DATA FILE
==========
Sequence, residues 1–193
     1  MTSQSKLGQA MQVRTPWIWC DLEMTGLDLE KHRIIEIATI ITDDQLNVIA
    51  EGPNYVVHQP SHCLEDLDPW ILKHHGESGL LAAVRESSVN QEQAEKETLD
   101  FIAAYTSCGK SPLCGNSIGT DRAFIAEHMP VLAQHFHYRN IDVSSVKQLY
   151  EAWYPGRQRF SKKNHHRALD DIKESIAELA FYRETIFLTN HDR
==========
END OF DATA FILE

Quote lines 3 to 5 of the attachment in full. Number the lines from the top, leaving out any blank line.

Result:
    51  EGPNYVVHQP SHCLEDLDPW ILKHHGESGL LAAVRESSVN QEQAEKETLD
   101  FIAAYTSCGK SPLCGNSIGT DRAFIAEHMP VLAQHFHYRN IDVSSVKQLY
   151  EAWYPGRQRF SKKNHHRALD DIKESIAELA FYRETIFLTN HDR